Plans for a woman to be elected joint deputy leader of the Labour Party have been withdrawn over concerns it would undermine Jeremy Corbyn.
Deputy leader Tom Watson said he was “very disappointed ” by the move, which he blamed on “hard left” activists.
The plan was backed by the National Executive Committee and unions.
But it was withdrawn by the Constituency Labour Party that had tabled it, Wirral West, at the party’s conference in Liverpool.
Documents seen by the BBC show that there was opposition from the Labour leadership on the idea.
They were believed to be concerned that an election for the new post raised the prospect of a candidate standing on a platform of a new EU referendum, ramping up pressure on the leadership over the issue, BBC Political Correspondent Iain Watson said.
One left-wing group, the Campaign for Labour Party Democracy, labelled the motion as “ill-thought through tokenism” and recommended that delegates vote against.
But the motion was withdrawn before a vote could take place.
Angela Marincowitz-Skillen, from Wirral West Labour Party, spoke in support of the principle but withdrew the plan, asking the NEC to find a way to hold elections for both deputies at the same time.
She said: “There have been disturbing reports that this rule change has widespread support because those who want to divide our party and deny Jeremy Corbyn want to use this as a way to do it, making an election about a new deputy leader about Brexit, a new centre party or whatever project they think up to sow disunity.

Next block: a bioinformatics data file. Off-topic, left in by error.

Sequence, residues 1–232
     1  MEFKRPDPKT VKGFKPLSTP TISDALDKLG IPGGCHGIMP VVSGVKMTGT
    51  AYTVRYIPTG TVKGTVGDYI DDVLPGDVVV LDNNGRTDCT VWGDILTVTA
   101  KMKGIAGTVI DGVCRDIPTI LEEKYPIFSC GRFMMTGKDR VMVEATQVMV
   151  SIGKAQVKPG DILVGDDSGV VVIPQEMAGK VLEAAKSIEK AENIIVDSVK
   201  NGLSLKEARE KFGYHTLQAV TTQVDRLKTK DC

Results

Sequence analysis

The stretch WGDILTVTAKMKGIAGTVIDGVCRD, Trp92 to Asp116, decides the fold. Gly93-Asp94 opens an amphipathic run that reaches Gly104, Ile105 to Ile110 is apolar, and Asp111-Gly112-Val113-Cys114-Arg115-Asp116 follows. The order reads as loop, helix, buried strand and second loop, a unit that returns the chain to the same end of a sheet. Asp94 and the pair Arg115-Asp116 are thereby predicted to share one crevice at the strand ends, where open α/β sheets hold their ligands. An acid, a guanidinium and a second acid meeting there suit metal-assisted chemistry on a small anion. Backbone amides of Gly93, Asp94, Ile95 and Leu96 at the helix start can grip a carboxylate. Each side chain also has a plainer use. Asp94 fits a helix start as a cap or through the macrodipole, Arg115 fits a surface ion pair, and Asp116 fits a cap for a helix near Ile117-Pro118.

“I want to say to those people the membership are sick of this sectarian game.”
Reacting to the decision, Birmingham Yardley MP Jess Phillips tweeted: “It’s not a factional game for God’s sake”.
The female deputy leader proposal was championed by Unite leader Len McCluskey, and had initially been seen as an attempt to undermine Mr Watson, who has faced criticism from Mr Corbyn’s supporters.
But he got behind the idea and told BBC News it was a “shame” it had been dropped.
He said: “I am very disappointed by that because I think it has put the cause of gender representation back in the Labour party.
“But the debate will continue. I think we need greater women’s representation at all levels in the Labour Party and I am going to continue to campaign for that.”
Former NEC member Luke Akehurst tweeted: “Disgusting that Wirral West remitting has killed the chance of a woman second deputy Leader – because the Hard Left were scared a moderate would win, scared of party democracy.”
Shadow foreign secretary Emily Thornberry, shadow equalities minister Dawn Butler, shadow education secretary Angela Rayner, shadow business secretary Rebecca Long-Bailey and shadow home secretary Diane Abbott were all being spoken as contenders for the deputy leadership.